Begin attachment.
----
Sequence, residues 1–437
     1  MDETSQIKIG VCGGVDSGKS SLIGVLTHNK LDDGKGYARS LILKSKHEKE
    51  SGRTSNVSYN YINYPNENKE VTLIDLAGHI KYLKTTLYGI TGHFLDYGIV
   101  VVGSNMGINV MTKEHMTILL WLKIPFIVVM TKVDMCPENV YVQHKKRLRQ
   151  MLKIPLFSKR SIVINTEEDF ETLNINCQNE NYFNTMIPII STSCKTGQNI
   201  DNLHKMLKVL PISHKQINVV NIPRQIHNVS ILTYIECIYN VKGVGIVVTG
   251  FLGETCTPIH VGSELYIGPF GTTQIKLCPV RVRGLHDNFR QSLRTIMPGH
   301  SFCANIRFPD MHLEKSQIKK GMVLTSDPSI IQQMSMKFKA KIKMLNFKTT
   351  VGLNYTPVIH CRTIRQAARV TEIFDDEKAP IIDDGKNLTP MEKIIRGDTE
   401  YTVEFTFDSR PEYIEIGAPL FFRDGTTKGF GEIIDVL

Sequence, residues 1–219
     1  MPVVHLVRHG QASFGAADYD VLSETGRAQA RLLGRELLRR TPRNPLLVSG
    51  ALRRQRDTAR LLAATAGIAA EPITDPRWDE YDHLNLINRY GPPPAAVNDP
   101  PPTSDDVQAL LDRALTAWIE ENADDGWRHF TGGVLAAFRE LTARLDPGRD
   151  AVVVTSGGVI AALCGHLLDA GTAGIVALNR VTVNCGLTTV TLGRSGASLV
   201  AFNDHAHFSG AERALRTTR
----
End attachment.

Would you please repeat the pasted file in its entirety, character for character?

Sequence, residues 1–437
     1  MDETSQIKIG VCGGVDSGKS SLIGVLTHNK LDDGKGYARS LILKSKHEKE
    51  SGRTSNVSYN YINYPNENKE VTLIDLAGHI KYLKTTLYGI TGHFLDYGIV
   101  VVGSNMGINV MTKEHMTILL WLKIPFIVVM TKVDMCPENV YVQHKKRLRQ
   151  MLKIPLFSKR SIVINTEEDF ETLNINCQNE NYFNTMIPII STSCKTGQNI
   201  DNLHKMLKVL PISHKQINVV NIPRQIHNVS ILTYIECIYN VKGVGIVVTG
   251  FLGETCTPIH VGSELYIGPF GTTQIKLCPV RVRGLHDNFR QSLRTIMPGH
   301  SFCANIRFPD MHLEKSQIKK GMVLTSDPSI IQQMSMKFKA KIKMLNFKTT
   351  VGLNYTPVIH CRTIRQAARV TEIFDDEKAP IIDDGKNLTP MEKIIRGDTE
   401  YTVEFTFDSR PEYIEIGAPL FFRDGTTKGF GEIIDVL

Sequence, residues 1–219
     1  MPVVHLVRHG QASFGAADYD VLSETGRAQA RLLGRELLRR TPRNPLLVSG
    51  ALRRQRDTAR LLAATAGIAA EPITDPRWDE YDHLNLINRY GPPPAAVNDP
   101  PPTSDDVQAL LDRALTAWIE ENADDGWRHF TGGVLAAFRE LTARLDPGRD
   151  AVVVTSGGVI AALCGHLLDA GTAGIVALNR VTVNCGLTTV TLGRSGASLV
   201  AFNDHAHFSG AERALRTTR